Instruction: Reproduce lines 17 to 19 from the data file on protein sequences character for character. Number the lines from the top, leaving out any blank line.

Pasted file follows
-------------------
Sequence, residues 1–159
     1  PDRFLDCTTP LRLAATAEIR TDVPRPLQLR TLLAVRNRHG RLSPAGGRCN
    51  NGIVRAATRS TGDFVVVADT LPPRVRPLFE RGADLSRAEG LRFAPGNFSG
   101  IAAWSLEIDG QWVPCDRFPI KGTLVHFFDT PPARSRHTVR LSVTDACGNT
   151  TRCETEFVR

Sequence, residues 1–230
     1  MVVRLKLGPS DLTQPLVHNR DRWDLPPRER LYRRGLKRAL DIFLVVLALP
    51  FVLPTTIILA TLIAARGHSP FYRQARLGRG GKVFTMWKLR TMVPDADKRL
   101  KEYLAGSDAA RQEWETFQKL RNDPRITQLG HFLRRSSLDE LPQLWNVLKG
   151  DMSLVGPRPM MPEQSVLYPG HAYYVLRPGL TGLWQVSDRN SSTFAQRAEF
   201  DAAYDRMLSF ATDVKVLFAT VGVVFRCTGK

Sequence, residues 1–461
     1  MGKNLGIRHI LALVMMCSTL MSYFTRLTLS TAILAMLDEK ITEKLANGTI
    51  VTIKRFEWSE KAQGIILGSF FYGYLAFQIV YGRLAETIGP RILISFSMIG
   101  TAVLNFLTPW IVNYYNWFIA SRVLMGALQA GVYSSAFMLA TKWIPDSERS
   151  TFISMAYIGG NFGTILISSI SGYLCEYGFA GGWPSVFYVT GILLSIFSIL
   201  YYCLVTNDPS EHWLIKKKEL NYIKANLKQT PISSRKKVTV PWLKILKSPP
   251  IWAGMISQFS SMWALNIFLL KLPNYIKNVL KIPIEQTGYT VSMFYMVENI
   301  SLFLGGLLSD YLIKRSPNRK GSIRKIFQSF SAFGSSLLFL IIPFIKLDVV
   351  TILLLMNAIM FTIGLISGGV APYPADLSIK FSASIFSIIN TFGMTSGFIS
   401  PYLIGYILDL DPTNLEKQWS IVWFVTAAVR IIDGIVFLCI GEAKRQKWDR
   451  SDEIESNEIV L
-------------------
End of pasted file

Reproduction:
   201  YYCLVTNDPS EHWLIKKKEL NYIKANLKQT PISSRKKVTV PWLKILKSPP
   251  IWAGMISQFS SMWALNIFLL KLPNYIKNVL KIPIEQTGYT VSMFYMVENI
   301  SLFLGGLLSD YLIKRSPNRK GSIRKIFQSF SAFGSSLLFL IIPFIKLDVV